A state of emergency has been declared in Iceland after thousands of earthquakes, with concerns over a volcanic eruption at Fagradalsfjall.
Since late October, Iceland has been plagued by thousands of earthquakes. More than 24,000 earthquakes have been recorded since the end of last month, mostly on and around the Reykjanes peninsula.
The rate at which the quakes occur is rapidly increasing. On Friday November 10th, a severe earthquake with the magnitude of 5.2 was measured.
Due to the number of increased tremors, IMO, the Icelandic Meteorological Office, believes a volcanic eruption could occur within days.
It has also been revealed that a magma tunnel runs under the 3,000-plus resident fishing village of Grindavík, located approximately 50 km southwest of the capital Reykjavik. As a result, extensive damage is already occurring, as above.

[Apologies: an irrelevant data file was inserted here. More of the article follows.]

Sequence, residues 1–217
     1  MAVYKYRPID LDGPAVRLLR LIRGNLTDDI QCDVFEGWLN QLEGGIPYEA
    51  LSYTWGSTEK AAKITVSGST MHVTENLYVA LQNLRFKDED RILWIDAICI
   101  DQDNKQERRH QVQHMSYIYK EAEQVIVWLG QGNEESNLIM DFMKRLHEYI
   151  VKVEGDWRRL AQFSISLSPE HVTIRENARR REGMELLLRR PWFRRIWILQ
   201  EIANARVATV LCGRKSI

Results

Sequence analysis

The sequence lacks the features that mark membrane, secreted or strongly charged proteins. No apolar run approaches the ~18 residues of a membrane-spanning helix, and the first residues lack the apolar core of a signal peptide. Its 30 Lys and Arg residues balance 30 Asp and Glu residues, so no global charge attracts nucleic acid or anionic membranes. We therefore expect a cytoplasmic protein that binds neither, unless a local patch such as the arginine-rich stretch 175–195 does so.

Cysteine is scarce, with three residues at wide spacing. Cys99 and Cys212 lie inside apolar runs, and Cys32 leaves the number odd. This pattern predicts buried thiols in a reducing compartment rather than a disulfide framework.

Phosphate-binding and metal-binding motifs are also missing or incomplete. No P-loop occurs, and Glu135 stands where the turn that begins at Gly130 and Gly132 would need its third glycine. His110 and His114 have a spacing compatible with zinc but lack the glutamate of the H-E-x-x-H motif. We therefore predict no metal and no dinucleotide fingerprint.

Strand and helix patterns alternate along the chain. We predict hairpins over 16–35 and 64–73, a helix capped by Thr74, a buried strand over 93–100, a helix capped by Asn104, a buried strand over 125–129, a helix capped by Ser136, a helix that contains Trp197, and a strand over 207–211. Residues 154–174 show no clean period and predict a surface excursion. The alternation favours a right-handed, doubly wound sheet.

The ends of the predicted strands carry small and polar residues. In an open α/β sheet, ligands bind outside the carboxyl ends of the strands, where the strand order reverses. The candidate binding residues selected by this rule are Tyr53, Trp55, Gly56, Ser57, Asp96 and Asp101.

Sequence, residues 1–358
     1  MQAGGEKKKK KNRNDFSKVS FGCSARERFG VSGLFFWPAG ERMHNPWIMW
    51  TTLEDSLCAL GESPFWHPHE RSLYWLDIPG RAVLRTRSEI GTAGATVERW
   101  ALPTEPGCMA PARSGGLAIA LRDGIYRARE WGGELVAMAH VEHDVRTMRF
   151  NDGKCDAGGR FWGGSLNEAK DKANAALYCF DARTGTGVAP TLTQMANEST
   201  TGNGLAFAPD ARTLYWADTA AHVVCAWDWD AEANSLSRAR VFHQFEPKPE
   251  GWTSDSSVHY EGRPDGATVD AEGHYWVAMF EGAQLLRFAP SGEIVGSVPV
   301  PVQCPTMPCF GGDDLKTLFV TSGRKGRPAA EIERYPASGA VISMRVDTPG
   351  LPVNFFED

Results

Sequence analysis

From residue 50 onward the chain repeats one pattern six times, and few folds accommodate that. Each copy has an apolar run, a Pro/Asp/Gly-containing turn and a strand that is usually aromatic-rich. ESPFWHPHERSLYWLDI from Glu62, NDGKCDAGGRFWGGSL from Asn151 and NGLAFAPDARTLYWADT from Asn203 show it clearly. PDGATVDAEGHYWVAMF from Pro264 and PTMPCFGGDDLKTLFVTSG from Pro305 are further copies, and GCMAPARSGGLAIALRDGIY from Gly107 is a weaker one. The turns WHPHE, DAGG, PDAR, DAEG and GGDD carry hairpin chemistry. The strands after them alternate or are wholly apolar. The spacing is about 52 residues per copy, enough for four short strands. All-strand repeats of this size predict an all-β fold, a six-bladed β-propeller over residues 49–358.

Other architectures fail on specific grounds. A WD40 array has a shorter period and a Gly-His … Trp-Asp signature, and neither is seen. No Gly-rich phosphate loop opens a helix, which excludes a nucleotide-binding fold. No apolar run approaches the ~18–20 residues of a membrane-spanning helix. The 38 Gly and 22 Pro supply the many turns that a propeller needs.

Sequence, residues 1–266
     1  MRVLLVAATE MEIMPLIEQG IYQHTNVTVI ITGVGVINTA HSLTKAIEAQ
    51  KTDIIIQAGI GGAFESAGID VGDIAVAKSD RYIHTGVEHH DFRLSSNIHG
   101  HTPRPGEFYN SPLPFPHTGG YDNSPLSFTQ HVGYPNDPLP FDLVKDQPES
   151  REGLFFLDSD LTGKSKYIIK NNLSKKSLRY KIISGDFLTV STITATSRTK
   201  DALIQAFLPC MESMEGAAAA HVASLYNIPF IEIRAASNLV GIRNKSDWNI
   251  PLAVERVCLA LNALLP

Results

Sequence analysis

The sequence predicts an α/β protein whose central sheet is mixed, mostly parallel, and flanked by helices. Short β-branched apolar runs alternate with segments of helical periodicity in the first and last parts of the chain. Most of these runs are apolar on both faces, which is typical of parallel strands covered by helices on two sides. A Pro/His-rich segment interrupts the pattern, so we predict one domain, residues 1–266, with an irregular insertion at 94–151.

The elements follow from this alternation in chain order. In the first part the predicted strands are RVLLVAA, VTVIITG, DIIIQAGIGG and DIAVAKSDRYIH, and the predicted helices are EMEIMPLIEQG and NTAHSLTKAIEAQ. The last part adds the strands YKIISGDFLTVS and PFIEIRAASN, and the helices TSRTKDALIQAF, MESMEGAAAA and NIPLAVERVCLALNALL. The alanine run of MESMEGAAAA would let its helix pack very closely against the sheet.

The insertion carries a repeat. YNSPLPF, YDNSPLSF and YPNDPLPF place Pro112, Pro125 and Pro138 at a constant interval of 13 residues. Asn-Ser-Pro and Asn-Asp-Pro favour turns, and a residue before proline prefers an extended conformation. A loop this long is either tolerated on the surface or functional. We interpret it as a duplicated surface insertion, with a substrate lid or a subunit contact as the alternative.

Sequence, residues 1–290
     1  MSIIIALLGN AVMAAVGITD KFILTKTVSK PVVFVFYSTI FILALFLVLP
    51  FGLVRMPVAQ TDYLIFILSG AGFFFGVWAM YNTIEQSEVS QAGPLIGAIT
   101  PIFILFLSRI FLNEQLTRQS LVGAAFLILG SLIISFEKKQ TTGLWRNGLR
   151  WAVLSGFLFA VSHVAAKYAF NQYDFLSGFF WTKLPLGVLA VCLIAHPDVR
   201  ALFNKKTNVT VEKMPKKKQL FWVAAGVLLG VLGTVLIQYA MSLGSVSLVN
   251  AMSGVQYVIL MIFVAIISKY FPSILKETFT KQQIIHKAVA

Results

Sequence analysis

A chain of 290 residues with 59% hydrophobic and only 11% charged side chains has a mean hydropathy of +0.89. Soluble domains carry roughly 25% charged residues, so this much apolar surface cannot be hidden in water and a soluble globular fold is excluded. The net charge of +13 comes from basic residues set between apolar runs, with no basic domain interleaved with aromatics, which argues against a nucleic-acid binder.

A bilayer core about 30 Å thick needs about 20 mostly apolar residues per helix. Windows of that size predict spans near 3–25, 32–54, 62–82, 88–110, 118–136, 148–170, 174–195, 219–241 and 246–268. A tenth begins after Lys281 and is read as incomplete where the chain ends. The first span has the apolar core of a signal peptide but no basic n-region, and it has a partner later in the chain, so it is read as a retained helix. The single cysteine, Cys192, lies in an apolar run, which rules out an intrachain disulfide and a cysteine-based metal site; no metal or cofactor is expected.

The village was evacuated within a few hours on Friday night and into Saturday. However, plans are being made in which groups of residents can go back to retrieve important items.
When residents will be able to return, and whether that will happen, cannot be said for sure.
The famous Blue Lagoon Spa was already evacuated the week prior, as a precaution.
In addition, the main road that runs from north to south on the peninsula has been closed due to earthquake damage. At Keflavík Airport, however, flights are still operating normally.
By now, people on the peninsula are familiar with volcanic eruptions. There have been three major volcanic eruptions since 2021, fortunately all well away from densely populated areas and important infrastructure.
In April 2010 however, the volcano beneath the glacier Eyjafjallajökull erupted. This caused a lot of inconvenience throughout Europe. For example, 100,000 flights were cancelled at the time, stranding 10 million travellers worldwide.